The FP recognized that the young patient had a salmon patch (a variant of nevus flammeus or port-wine stain) on her neck. The mark is often referred to as a “stork bite” and is not dangerous. (Parents often see the humor in the idea that this is where the stork held the child while delivering the baby to the parents.) These vascular malformations are not the same as hemangiomas.
Superficial capillary malformations are frequently seen in infants above the eyelids and on the nape of the neck. “Angel kisses” (salmon patches on the eyelids) usually disappear by 2 years of age. The “stork bites” may last into adulthood, but are rarely an issue because they often get covered by hair.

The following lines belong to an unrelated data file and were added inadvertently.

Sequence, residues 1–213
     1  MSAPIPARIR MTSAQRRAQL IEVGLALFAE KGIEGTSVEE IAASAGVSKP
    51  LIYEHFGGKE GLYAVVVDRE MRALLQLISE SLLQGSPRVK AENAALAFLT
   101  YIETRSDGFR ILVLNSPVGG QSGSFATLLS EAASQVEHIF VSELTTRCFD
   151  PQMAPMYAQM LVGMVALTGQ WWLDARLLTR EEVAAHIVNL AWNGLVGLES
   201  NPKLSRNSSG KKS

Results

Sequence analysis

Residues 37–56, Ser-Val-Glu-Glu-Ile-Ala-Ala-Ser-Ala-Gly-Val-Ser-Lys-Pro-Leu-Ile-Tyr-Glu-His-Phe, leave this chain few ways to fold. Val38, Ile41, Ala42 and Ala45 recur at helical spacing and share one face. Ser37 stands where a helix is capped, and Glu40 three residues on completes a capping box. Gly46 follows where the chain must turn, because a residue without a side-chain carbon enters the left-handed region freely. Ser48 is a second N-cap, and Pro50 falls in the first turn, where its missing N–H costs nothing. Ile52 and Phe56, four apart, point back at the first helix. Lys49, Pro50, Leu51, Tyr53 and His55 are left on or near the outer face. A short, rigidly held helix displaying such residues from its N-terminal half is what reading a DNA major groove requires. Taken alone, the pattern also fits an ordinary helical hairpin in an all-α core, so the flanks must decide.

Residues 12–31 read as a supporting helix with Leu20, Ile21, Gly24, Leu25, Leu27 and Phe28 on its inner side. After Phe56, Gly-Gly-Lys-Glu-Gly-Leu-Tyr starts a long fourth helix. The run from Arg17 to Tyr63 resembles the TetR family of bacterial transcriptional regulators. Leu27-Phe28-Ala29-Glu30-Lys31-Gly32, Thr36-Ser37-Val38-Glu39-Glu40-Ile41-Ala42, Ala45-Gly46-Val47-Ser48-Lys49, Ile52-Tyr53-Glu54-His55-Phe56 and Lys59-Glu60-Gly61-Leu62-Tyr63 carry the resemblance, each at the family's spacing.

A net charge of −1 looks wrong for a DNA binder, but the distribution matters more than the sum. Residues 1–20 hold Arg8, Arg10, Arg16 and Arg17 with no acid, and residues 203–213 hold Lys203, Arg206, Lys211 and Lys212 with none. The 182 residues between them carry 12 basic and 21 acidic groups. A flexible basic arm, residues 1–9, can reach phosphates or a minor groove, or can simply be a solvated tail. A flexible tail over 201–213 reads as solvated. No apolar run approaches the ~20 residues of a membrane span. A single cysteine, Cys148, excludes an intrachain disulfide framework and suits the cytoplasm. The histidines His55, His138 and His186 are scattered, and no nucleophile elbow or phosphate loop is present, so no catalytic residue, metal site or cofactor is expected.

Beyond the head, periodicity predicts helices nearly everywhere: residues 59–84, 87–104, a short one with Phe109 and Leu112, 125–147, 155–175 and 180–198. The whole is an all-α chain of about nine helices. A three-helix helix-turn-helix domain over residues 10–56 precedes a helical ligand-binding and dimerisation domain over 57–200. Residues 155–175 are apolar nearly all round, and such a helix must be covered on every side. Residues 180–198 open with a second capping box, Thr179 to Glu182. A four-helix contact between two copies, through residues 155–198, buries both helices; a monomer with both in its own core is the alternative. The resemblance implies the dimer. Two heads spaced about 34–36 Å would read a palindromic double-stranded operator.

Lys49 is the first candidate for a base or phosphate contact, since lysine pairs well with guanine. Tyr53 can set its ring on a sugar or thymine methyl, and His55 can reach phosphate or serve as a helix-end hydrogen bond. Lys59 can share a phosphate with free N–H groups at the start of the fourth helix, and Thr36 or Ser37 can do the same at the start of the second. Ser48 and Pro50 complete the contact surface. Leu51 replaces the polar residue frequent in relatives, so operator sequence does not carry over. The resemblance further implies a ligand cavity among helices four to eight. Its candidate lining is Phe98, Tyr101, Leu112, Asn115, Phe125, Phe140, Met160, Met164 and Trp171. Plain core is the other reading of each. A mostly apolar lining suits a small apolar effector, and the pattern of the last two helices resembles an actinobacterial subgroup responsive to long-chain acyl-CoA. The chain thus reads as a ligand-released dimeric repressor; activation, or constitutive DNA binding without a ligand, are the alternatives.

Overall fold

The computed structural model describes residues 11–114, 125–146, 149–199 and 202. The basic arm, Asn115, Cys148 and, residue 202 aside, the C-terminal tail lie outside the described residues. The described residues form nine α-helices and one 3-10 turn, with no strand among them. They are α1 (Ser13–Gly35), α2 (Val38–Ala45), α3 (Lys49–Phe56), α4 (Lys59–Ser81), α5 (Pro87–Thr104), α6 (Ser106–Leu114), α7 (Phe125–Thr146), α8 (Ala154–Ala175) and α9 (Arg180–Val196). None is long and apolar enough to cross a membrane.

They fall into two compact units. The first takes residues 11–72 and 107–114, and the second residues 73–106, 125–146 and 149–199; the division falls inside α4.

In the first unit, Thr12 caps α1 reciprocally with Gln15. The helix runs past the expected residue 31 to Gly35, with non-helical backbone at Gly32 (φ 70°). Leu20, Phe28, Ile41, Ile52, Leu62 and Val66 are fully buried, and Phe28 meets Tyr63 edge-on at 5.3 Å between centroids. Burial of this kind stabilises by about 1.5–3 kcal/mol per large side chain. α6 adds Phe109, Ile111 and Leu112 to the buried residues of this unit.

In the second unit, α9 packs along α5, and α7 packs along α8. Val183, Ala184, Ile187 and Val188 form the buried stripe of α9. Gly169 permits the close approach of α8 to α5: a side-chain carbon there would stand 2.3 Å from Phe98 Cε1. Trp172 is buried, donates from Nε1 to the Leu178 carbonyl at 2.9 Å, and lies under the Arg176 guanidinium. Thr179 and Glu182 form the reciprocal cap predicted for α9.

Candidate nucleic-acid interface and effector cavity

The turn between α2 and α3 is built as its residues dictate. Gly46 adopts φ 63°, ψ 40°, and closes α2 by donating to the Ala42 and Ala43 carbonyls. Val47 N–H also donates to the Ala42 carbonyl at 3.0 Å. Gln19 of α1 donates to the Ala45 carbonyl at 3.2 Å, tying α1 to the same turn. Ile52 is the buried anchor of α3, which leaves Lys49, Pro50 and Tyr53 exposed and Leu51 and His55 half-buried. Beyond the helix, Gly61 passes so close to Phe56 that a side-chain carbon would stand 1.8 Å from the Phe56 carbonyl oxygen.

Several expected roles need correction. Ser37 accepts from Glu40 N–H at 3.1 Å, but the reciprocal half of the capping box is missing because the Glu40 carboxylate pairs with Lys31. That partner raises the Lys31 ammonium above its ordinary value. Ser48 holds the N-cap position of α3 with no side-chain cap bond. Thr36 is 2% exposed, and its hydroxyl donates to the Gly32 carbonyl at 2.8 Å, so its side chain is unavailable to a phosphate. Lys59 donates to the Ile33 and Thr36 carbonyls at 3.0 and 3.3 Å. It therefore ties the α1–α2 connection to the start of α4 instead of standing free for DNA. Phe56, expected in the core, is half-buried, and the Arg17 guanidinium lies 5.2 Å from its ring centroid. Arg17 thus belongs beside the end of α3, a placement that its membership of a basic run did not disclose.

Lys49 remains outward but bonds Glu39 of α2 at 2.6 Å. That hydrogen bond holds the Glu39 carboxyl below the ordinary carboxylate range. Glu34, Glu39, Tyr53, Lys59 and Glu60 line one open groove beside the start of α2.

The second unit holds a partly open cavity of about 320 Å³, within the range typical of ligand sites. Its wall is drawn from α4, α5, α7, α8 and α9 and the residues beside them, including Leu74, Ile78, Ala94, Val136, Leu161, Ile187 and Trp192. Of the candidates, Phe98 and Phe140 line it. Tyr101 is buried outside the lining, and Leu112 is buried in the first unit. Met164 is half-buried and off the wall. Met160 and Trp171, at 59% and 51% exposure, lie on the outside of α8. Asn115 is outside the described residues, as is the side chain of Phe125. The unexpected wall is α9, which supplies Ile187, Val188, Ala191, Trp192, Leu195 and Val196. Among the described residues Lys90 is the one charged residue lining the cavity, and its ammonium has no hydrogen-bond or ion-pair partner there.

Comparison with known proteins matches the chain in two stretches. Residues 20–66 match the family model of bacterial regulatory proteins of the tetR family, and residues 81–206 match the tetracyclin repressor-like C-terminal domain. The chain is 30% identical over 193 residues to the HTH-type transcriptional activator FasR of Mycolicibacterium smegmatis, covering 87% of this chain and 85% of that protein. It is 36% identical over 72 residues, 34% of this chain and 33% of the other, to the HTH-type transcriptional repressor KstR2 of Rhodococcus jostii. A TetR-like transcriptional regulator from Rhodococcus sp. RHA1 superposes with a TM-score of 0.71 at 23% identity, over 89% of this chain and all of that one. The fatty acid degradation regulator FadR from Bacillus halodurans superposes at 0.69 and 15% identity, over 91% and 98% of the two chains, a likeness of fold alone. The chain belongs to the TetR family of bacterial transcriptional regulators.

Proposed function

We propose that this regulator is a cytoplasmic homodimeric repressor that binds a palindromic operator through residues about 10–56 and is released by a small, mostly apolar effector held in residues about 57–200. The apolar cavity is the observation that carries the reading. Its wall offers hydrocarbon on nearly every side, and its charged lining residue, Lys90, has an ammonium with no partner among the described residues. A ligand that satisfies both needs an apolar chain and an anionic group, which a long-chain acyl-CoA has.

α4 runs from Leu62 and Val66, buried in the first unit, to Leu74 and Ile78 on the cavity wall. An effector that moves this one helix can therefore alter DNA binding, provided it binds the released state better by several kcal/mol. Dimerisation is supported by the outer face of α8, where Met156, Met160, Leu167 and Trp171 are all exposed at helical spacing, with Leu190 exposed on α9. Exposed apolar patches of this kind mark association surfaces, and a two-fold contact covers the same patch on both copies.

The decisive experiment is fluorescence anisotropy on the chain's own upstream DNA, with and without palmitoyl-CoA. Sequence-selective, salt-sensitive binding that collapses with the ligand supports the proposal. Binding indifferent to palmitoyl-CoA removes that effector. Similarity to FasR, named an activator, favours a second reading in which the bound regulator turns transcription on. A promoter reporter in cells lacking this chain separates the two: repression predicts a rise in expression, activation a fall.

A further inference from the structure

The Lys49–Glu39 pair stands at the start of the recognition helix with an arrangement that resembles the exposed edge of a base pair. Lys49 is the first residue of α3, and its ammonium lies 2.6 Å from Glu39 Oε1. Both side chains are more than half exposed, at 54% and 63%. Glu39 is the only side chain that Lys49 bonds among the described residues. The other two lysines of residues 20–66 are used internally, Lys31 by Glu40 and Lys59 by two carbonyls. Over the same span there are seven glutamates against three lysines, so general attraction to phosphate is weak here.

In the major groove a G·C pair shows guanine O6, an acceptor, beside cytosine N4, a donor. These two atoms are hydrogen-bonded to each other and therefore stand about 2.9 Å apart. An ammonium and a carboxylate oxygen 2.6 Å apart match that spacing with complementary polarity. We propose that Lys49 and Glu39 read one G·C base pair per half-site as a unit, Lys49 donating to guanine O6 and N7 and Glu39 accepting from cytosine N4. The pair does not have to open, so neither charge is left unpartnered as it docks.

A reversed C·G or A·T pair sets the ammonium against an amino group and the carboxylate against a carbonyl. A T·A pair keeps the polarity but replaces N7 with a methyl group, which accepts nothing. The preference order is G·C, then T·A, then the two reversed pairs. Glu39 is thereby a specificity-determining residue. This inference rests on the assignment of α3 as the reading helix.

Photos and text for Photo Rounds Friday courtesy of Richard P. Usatine, MD. This case was adapted from: Usatine R, Madhukar M. Childhood hemangiomas and vascular malformations. In: Usatine R, Smith M, Mayeaux EJ, et al, eds. Color Atlas of Family Medicine. 2nd ed. New York, NY: McGraw-Hill; 2013:636-641.
To learn more about the Color Atlas of Family Medicine, see: www.amazon.com/Color-Family-Medicine-Richard-Usatine/dp/0071769641/
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